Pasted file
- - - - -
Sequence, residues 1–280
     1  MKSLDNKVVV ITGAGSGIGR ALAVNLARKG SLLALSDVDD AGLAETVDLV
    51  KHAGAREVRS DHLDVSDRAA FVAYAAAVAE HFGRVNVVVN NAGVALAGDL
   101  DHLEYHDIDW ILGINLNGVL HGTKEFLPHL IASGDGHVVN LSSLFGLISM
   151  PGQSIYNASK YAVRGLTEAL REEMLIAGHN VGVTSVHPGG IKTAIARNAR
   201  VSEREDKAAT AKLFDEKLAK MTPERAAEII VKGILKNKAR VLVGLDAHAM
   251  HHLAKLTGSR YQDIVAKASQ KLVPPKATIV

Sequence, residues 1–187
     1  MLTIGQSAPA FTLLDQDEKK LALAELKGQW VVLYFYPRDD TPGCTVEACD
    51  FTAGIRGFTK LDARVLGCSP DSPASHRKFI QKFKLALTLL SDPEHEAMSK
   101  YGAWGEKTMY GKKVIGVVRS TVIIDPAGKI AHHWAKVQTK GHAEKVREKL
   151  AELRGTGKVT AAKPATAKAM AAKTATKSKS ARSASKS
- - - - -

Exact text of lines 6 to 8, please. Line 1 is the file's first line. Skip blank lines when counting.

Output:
   201  VSEREDKAAT AKLFDEKLAK MTPERAAEII VKGILKNKAR VLVGLDAHAM
   251  HHLAKLTGSR YQDIVAKASQ KLVPPKATIV

Sequence, residues 1–187